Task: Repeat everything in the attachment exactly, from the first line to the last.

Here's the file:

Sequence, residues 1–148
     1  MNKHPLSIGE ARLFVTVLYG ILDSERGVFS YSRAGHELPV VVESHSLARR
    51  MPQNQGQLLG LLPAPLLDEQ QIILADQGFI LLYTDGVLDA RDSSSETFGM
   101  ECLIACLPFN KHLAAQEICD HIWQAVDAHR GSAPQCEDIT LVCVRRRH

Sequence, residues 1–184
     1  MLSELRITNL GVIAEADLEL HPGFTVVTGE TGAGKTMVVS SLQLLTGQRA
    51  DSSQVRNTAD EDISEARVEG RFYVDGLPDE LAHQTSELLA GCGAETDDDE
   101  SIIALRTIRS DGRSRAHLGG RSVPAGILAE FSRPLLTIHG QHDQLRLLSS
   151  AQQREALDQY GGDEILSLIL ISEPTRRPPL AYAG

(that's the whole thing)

Sequence, residues 1–148
     1  MNKHPLSIGE ARLFVTVLYG ILDSERGVFS YSRAGHELPV VVESHSLARR
    51  MPQNQGQLLG LLPAPLLDEQ QIILADQGFI LLYTDGVLDA RDSSSETFGM
   101  ECLIACLPFN KHLAAQEICD HIWQAVDAHR GSAPQCEDIT LVCVRRRH

Sequence, residues 1–184
     1  MLSELRITNL GVIAEADLEL HPGFTVVTGE TGAGKTMVVS SLQLLTGQRA
    51  DSSQVRNTAD EDISEARVEG RFYVDGLPDE LAHQTSELLA GCGAETDDDE
   101  SIIALRTIRS DGRSRAHLGG RSVPAGILAE FSRPLLTIHG QHDQLRLLSS
   151  AQQREALDQY GGDEILSLIL ISEPTRRPPL AYAG